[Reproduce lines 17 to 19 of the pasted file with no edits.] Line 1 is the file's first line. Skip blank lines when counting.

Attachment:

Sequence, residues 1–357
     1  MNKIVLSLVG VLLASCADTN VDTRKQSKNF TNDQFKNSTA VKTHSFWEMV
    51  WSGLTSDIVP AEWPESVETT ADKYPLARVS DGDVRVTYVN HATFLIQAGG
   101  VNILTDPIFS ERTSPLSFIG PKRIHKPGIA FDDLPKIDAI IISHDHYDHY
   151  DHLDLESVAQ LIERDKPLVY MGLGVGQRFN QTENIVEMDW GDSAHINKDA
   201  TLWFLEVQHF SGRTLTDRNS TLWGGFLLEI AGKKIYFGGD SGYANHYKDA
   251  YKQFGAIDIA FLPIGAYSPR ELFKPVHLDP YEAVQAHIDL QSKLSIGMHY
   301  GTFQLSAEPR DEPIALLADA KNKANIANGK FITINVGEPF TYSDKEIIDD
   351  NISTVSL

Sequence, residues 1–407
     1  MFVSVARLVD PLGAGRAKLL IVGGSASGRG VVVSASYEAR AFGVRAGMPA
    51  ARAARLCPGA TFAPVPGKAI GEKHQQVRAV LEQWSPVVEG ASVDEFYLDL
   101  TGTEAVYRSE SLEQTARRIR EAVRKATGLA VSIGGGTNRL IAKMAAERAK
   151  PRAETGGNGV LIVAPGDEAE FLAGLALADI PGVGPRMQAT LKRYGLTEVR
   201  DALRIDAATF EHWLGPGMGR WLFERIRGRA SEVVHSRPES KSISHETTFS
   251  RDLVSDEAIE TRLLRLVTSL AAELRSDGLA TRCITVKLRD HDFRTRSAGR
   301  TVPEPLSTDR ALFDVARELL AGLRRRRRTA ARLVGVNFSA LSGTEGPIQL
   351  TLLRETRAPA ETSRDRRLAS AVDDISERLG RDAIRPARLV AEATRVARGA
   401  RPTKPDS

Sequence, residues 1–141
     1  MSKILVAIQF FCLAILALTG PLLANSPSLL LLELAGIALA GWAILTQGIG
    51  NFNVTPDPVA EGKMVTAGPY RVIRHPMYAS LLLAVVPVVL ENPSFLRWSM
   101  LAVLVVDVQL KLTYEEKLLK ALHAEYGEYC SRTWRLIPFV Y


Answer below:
   301  TVPEPLSTDR ALFDVARELL AGLRRRRRTA ARLVGVNFSA LSGTEGPIQL
   351  TLLRETRAPA ETSRDRRLAS AVDDISERLG RDAIRPARLV AEATRVARGA
   401  RPTKPDS